What’s ancient is new again, at least when it comes to whole grains. Freekeh, the latest superfood darling, has made a splash in the culinary scene, appearing on diverse menus that span cuisines to suit all tastes. It’s been around since biblical times, rooted in traditional Middle Eastern and North African cooking, but has recently reinvented itself as the latest nutritional superstar of North America. Even those immune to food trends should take note of this vital ingredient, bearing volumes of flavor and potential to enliven just about any grain dish.
What is freekeh?
Also referred to as “green wheat” or “young wheat,” it may come as a surprise that this distinctive grain is really the same old cereal we know and love, but treated in a different way. Harvested early while still moist and plump, the kernels are then roasted and frequently cracked, giving them the appearance of bulgur. The similarities end there, made obvious at first bite. Toothsome and chewy, the texture alone is utterly crave-worthy, but the woodsy, nutty, toasted taste and aroma truly seal the deal.
Does that sound ordinary to you, pedestrian even, in the face of so many exotic grain options? It did to me, for years resonating as little more than a silly name, but all that will change with your first spoonful. Trust me, eating is believing; I don’t usually cook up big batches of plain grains, but even without a single pinch of salt or pepper, I couldn’t get enough of the stuff.
Despite devouring a heaping helping of plain freekeh all by its lonesome, I knew there was even more hidden potential locked within those broken kernels. Starting with such a perfect blank canvas, it didn’t take much to coax that untapped inspiration out of hiding.
Of course, I couldn’t resist a good pun, either. With a name like “freekeh,” the possibilities are ripe with witty opportunities. Dirty freekeh, a riff on standard dirty rice, brings so much more than another boring side dish to the party. It sings with spices, bursts with fresh vegetables at every turn, and supports a healthy dose of vegan protein within a hearty grain base. If anything, it’s more like a clean rendition of dirty rice, forgoing the livers and gibbets in favor of tempeh, a swap that even staunch omnivores might appreciate.
What’s a good substitute for freekeh?
Even if you can’t get your hands on those rarefied bags of cracked freekeh, any grain can be made dirty, so to speak. Just substitute 3 cups of your favorite cooked and cooled whole grains, such as quinoa, barley, farro, or of course, rice.
- 2 Tablespoons Olive Oil, Divided
- 1 8-Ounce Package Tempeh, Diced
- 1/2 Cup Minced Button Mushrooms
- 1 Medium Yellow Onion, Finely Chopped
- 3 Large Garlic Cloves, Minced
- 2 Celery Stalks, Diced
- 1 Jalapeño Pepper, Seeded and Finely Chopped
- 1/2 Medium Red Bell Pepper
- 1 Cup Mushroom Broth
- 3 Cups Cooked Cracked Freekeh (From 1 Cup Raw)
- 1 Teaspoon Smoked Paprika
- 1/2 Teaspoon Ground Cumin
- 1/4 Teaspoon Dried Oregano
- 1/4 Teaspoon Ground Black Pepper
- 6 Scallions, Thinly Sliced
- 3 Tablespoon Fresh Parsley, Minced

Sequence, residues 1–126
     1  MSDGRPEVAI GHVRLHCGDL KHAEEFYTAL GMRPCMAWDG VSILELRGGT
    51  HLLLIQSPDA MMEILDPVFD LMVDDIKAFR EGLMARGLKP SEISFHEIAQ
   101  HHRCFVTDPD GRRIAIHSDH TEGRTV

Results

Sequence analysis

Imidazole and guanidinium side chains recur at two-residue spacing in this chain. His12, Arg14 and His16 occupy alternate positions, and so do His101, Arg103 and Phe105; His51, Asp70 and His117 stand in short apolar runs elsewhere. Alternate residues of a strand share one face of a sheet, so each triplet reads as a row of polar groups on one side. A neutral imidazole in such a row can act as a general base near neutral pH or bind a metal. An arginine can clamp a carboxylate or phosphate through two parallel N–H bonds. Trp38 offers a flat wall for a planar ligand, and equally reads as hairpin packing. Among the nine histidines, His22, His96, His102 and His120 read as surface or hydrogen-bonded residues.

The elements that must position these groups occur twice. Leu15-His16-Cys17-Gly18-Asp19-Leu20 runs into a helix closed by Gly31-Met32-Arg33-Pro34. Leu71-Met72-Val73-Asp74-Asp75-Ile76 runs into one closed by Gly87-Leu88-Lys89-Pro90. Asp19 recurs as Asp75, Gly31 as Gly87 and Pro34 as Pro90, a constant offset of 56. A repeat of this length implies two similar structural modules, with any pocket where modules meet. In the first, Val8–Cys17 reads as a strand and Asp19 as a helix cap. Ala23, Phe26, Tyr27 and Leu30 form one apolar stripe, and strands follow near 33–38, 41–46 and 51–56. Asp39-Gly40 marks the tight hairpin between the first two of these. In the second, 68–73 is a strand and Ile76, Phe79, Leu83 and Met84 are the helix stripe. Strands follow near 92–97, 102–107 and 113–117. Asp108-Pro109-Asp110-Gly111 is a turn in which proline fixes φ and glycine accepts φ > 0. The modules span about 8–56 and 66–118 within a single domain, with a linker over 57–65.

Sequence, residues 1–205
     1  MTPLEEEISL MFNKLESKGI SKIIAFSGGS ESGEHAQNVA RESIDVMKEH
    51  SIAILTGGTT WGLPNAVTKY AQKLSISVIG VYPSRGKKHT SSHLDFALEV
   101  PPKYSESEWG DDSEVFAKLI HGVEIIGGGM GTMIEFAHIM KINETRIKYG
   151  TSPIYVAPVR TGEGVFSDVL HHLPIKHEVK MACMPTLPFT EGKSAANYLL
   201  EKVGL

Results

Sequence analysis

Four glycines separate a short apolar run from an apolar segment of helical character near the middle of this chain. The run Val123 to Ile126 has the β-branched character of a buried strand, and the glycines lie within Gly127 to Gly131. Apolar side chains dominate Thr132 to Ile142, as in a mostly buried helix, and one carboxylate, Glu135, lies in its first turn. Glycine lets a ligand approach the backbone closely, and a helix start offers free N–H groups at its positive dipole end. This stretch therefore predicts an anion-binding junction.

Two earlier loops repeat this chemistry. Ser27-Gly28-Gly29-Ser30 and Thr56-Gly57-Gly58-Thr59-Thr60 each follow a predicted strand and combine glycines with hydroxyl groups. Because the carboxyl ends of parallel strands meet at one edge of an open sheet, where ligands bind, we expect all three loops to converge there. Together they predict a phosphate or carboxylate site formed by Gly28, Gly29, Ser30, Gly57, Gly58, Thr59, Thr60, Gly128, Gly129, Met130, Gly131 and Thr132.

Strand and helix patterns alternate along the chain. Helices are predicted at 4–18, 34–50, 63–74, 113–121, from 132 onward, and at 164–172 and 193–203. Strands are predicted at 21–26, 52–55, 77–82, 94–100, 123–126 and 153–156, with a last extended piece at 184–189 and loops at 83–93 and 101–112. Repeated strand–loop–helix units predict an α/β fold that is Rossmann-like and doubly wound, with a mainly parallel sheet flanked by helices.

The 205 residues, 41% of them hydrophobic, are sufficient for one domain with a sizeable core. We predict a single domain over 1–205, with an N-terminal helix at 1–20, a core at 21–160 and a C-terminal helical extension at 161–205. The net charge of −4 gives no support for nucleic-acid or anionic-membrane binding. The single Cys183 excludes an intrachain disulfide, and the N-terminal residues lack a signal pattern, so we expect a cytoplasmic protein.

- 1 - 1 1/2 Teaspoons Salt
- Place 1 tablespoon of the oil in a large saucepan over medium-high heat and wait until it start shimmering. Add in the tempeh and saute, searing the outsides to a crispy golden brown. Stir gently so that you don’t break the cubes into smaller pieces. Once evenly browned on all sides, transfer to a plate and return the pan to the stove.
- Pour in the remaining tablespoon of oil, turn down the heat to medium, and toss in the mushrooms, onion, and garlic. Cook for 6 – 8 minutes, until aromatic, before introducing the celery, Jalapeño, and bell pepper as well. Stir frequently, sauteing until all the vegetables have softened and are just beginning to lightly brown around the edges.
- Quickly deglaze with the mushroom broth, scraping the bottom of the pan thoroughly to dislodge anything that might have stuck, preventing the goodies from burning. Introduce the cooked freekeh along with all the spices. Stir well to incorporate and distribute the vegetables throughout.
- Turn down the heat to medium-low, allowing the mixture to cook gently until all of the broth has been absorbed. It should still be moist, but not soupy. Turn off the heat, add the cooked, crispy tempeh and fresh herbs into the freekeh.
- Finally, season to taste, and don’t be afraid to get a bit aggressive with the salt to bring out the most flavor. It may look like a lot on paper, but it’s a whole lot of freekeh we’re talking about!
- Serve hot, or let cool, chill thoroughly, and enjoy as a cold grain salad later.
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Amount Per Serving: Calories: 242Total Fat: 9gSaturated Fat: 2gTrans Fat: 0gUnsaturated Fat: 7gCholesterol: 0mgSodium: 667mgCarbohydrates: 31gFiber: 7gSugar: 3gProtein: 13g
All nutritional information presented within this site are intended for informational purposes only. I am not a certified nutritionist and any nutritional information on BitterSweetBlog.com should only be used as a general guideline. This information is provided as a courtesy and there is no guarantee that the information will be completely accurate. Even though I try to provide accurate nutritional information to the best of my ability, these figures should still be considered estimations.